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    Default

    What is your definition of a DADU, because I doubt that it is a data accumulation and dispersal unit? Almost ANYTHING you do to the garage will require a permit because the powers that be will want to make sure your tax base is adjusted so they can raise your taxes. You could tear that garage down and build a fairly large "house" for $175,000.00. Even 50,000.00 seems high for the limited amount you could do to that small area.
    Licensed residential and commercial plumber

  6. #6
    DIY Junior Member Fred Duggan's Avatar
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    Hi Terry - thanks for your response. We are neighbors...are you interested in giving me a quote for this job?

    Quote Originally Posted by Terry View Post
    If you add a bathroom, I would install tub/shower, toilet, and lav, with a kitchen sink on the same plumbing wall facing the other room. That keeps all of the plumbing in one wall.
    You really only need to add the plumbing, the rest can stay open. You may need to upgrade the electrical for the water heating. With a small unit like that, it's easier if the water heating is with a tank style electric water heater. Using gas adds a lot of safety issues in a small living space like that.

  7. #7
    DIY Junior Member Fred Duggan's Avatar
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    A DADU (back yard cottage) must be less than (I think) 800 sq ft and must otherwise be up to code. I just wanted like a studio apartment, if you can find someone to build me one for $50k...I'll be your best friend!! Haha.

    Quote Originally Posted by hj View Post
    What is your definition of a DADU, because I doubt that it is a data accumulation and dispersal unit? Almost ANYTHING you do to the garage will require a permit because the powers that be will want to make sure your tax base is adjusted so they can raise your taxes. You could tear that garage down and build a fairly large "house" for $175,000.00. Even 50,000.00 seems high for the limited amount you could do to that small area.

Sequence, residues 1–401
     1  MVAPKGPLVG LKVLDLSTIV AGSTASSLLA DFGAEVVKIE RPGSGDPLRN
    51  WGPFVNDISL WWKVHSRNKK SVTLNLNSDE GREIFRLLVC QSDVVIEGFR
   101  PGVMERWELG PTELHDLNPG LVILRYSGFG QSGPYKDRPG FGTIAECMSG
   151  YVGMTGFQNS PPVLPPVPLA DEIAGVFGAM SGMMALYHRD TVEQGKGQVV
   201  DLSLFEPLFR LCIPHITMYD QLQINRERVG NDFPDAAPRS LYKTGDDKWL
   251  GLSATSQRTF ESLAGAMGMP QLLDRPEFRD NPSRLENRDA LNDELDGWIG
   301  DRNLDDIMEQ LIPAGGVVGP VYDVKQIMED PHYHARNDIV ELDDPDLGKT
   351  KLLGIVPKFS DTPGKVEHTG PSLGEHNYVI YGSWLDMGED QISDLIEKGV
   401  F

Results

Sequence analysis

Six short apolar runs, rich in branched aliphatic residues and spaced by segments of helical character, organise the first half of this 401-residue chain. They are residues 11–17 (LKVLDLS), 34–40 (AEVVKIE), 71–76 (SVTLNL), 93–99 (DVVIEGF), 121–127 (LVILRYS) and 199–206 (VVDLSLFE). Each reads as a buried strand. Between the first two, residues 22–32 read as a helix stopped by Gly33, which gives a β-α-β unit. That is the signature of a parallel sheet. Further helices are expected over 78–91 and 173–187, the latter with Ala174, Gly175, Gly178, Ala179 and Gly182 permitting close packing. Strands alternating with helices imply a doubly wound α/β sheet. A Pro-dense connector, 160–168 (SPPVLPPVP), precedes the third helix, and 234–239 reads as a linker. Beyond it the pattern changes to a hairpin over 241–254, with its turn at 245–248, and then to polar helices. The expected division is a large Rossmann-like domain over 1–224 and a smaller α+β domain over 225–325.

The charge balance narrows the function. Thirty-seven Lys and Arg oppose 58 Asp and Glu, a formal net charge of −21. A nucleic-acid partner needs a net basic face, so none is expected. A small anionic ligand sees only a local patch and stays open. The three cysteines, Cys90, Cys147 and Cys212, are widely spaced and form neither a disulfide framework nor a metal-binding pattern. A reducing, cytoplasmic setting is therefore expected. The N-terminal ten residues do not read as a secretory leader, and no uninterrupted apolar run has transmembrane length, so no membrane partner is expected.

8. #8
    DIY Senior Member dj2's Avatar
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    First find out from your bldg dept, if GARAGE CONVERSION can be done in your city and under what conditions.

    If yes, then you proceed with drawings/plans, get them approved and get a permit. In my city a permit is inexpensive. But property taxes are.

  9. #9
    DIY Junior Member Fred Duggan's Avatar
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    Yes, I know it's allowed. I just am faced with a chicken/egg situation. I don't want to pay an architect if the construction will cost >$100k, but I can't get a good handle on the cost without getting an architect to draw it up.

  10. #10
    Moderator & Master Plumber hj's Avatar
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    I said you could build one for less than $175,000.00, NOT $50,000.00. For 50k, you just get a super deluxe remodel of the existing building. One question would be whether the garage is constructed to the standards for a livable structure. Many times the floor is poured on the ground without the requisite footings, meaning when you have a heated interior, the floor may heave and buckle.
    Last edited by hj; 03-26-2014 at 07:01 AM.
    Licensed residential and commercial plumber